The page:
is cleared to Q=0 and Q =1 by setting the PRE input is set to 1 and the CLR input is to 0. The
CLR input set to 0 sets Q =1 it also sets the output of NAND gate 3 to 1. The PRE input set to
1 sets the output Q to 0. When the PRE and the CLR inputs are used inputs J and K have no
effect on the operation of the flip-flop. To use the flip-flop with synchronous inputs J-K, the
PRE and the CLR inputs are set to logic 1. Setting PRE and the CLR to logic 0 is not
allowed.
PRE
J
Q
3
1
CLK
Q
4
2
K
CLR
Figure 23.17 J-K flip-flop with Asynchronous Preset and Clear inputs
Figure 23.18 shows the logic symbol of a J-K edge-triggered flip-flop with synchronous and
asynchronous inputs.
PRE
J
Q
J-K
CLK
Flip-Flop
K
Q
CLR
Figure 23.18 Logic Symbol of a J-K flip-flop with Asynchronous inputs
The truth table of a J-K flip-flop with Asynchronous inputs is shown in table 23.4. The timing
diagram describes the effect of asynchronous inputs on the operation of the flip-flop. Figure
23.10
236 CS302 - Digital Logic & Design
Input
Output
Qt+1
CLR
PRE
0
0
Invalid
0
1
1
1
0
0
1
1
Clocked operation
Table 23.4
Truth table of J-K flip-flop with Asynchronous inputs
J
K
PRE
CLR
CLK
Q
Figure 23.10 Timing diagram of a J-K flip-flop with Preset and Clear inputs
The 74HC74 Dual Positive-Edge triggered D flip-flop
The edge-triggered D flip-flop with asynchronous inputs is available as an Integrated
Circuit. The 74HC74 has dual D-flip-flops with independent clock inputs, synchronous and
asynchronous inputs.
The 74HC112 Dual Positive-Edge triggered J-K flip-flop
The edge-triggered D flip-flop with asynchronous inputs is available as an Integrated
Circuit. The 74HC112 has dual J-K-flip-flops with independent clock inputs, synchronous and
asynchronous inputs.
Master-Slave Flip-Flops
Master-Slave flip-flops have become obsolete and are being replaced by edge-
triggered flip-flops. Master-Slave flips have two stages each stage works in one half of the
237 CS302 - Digital Logic & Design
clock signal. The inputs are applied in the first half of the clock signal. The outputs do not
change until the second half of the clock signal. As mentioned earlier the use of edge-triggered
flip-flip is to synchronize the operation of a digital circuit with a common clock signal. The
master-slave setup also allows digital circuits to operate in synchronization with a common
clock signal. The circuit diagram of the master-slave J-K flip-flop is shown in figure 23.11. The
Master-Slave flip-flop is composed of two parts the Master and the Slave. Both the Master and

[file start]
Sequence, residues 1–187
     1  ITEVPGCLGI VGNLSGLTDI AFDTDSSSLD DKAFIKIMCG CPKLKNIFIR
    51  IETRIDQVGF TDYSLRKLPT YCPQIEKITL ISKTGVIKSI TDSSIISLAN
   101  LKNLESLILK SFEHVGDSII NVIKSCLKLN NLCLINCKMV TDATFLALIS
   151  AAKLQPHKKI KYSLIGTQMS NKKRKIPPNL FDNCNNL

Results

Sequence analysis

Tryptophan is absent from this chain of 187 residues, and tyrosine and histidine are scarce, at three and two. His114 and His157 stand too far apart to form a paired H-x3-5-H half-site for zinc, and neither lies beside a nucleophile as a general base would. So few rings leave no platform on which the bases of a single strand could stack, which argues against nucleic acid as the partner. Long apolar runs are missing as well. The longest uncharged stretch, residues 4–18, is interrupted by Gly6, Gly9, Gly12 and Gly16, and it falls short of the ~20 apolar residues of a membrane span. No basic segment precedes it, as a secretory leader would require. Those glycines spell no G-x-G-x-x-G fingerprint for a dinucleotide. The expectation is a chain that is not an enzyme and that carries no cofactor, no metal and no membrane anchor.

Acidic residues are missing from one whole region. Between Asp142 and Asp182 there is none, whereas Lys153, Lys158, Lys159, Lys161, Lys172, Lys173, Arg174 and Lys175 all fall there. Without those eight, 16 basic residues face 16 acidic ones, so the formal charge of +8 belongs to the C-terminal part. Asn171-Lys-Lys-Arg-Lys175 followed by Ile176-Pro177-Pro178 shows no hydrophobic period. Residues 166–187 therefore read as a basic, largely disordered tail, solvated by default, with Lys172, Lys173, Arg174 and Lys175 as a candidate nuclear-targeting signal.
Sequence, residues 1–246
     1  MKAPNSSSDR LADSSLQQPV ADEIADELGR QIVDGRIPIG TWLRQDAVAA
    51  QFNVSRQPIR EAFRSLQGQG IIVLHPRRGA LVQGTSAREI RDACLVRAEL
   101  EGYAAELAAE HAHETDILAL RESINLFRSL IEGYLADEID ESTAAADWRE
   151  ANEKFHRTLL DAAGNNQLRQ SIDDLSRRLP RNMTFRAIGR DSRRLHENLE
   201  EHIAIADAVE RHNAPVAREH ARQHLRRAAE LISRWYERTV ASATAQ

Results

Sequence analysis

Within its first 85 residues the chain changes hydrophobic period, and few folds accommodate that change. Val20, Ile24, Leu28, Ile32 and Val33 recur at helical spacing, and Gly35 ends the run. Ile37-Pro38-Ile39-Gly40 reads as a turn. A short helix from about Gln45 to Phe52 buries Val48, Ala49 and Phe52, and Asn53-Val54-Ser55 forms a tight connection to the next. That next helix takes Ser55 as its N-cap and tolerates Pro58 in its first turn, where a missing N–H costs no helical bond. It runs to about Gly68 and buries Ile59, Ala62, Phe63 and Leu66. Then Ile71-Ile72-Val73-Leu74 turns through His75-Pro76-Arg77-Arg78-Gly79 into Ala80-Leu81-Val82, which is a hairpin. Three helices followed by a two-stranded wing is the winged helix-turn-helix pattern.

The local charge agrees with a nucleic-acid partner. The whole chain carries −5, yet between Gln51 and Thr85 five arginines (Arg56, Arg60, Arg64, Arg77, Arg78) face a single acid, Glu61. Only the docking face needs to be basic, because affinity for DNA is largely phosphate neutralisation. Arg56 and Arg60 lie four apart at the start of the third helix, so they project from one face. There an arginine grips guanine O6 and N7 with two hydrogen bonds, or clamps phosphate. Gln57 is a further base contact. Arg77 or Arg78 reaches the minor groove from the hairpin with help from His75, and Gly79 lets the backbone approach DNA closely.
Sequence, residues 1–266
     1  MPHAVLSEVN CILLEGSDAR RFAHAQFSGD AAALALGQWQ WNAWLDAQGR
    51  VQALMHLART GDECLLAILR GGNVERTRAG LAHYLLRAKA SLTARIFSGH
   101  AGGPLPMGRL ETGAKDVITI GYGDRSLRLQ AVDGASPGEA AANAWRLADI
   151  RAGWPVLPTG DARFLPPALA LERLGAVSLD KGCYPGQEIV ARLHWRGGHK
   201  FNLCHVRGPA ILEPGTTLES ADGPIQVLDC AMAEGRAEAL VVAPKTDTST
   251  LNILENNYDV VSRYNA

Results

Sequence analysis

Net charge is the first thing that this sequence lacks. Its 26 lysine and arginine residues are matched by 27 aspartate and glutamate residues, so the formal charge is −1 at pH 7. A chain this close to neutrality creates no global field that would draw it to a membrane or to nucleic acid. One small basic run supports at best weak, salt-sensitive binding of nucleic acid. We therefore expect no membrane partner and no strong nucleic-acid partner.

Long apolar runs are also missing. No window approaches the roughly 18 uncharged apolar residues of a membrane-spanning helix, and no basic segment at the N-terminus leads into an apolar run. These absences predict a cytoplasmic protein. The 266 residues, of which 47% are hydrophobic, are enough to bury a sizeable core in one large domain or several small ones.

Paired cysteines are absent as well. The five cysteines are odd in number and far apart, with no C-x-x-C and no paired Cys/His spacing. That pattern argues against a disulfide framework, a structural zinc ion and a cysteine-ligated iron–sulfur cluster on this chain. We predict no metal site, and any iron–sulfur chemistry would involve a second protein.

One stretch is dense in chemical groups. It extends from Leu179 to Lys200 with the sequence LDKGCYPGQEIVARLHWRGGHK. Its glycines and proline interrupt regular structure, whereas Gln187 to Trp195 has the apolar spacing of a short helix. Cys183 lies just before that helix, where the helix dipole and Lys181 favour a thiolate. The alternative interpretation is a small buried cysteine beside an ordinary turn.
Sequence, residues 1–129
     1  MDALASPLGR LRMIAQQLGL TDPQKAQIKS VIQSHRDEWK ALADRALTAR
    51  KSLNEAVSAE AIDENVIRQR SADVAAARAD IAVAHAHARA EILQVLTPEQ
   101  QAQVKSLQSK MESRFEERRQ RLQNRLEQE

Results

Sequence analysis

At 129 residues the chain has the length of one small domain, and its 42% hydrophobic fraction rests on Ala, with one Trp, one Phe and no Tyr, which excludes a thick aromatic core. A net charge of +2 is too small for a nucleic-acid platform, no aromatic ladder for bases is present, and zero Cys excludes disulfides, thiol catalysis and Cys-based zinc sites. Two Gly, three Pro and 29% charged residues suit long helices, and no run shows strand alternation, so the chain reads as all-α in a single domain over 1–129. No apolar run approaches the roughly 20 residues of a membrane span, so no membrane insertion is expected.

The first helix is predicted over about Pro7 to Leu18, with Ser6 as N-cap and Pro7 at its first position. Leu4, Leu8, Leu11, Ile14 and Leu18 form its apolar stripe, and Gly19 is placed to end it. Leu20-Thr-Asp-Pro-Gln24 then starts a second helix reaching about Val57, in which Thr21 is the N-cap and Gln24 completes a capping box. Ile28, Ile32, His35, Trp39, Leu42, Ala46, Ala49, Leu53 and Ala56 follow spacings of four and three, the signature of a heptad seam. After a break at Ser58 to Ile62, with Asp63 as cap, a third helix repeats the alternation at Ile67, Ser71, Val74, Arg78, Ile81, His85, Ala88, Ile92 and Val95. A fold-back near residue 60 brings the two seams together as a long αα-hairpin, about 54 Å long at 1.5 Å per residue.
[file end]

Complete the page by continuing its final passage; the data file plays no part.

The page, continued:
the Slave are Gated S-R flip-flops. The Master-Slave flip-flop is not synchronised with the
clock positive or negative transition, rather it known as a pulse triggered flip-flop as it operates
at the positive and negative clock cycles.
Consider that the J-K inputs of the flip-flop are set at 1 and 0 respectively. The outputs
Q and Q are initially set at 1 and 0 respectively. During the positive half of the clock gates 3
and 4 are both enabled by the clock signal. The output of gate 3 is set to 1 due to the Q
output set at 0. Similarly the output of gate 4 is also set at 1 due to the K input set at 0. The
outputs of gates 1 and 2 remain unchanged as the inputs to gates 1 and 2 are both logic 1.
Assume the outputs of gates 1 and 2 to be 1 and 0 respectively. During the positive half cycle,
the clock input to gates 7 and 8 is inverted therefore both the gates are disabled and their
output is set to logic 1. With logic 1 at the inputs of gates 5 and 6 the output Q and Q remains
unchanged throughout the positive half of the clock cycle. During the negative half of the clock
cycle the Master flip-flop is disabled and the output of the Master flip-flop remains fixed during
the negative half cycle. The Slave flip-flop is enabled and the 1 and 0 outputs of the Master
flip-flop set the Q and Q output to 1 and 0 respectively.
J
Q
3
1
7
5
CLK
Q
4
2
8
6
K
MASTER
SLAVE
Figure 23.11 Master-Slave flip-flop
Initially, if the Q and Q outputs are 0 and 1 respectively, setting the J and K inputs to 1
and 0 respectively sets the output to 1 and 0 respectively. During the positive half of the clock
the Master flip-flop is enabled, the output of gate 3 is set to 0 as the J, Q and CLK inputs are
all at logic 1. The output of gate 4 is set to 1 as the K input is logic 0. These inputs set the
output of the Master flip-flop at gates 1 and 2 to logic 1 and 0 respectively. During the negative
half of the clock cycle the Slave flip-flop is enabled the output Q and Q are set to logic 1 and 0
respectively.
The truth-table of the master-slave flip-flop is shown in table 23.5. The timing diagram
of the master-slave flip-flop is shown in figure 23.12.
238 CS302 - Digital Logic & Design
Input
Output
CLK
J
K
Qt+1
Pulse
0
0
Qt
Pulse
0
1
0
Pulse
1
0
1
Pulse
1
1
Qt
Table 23.5
Truth table of the Master-Slave J-K flip-flop
J
K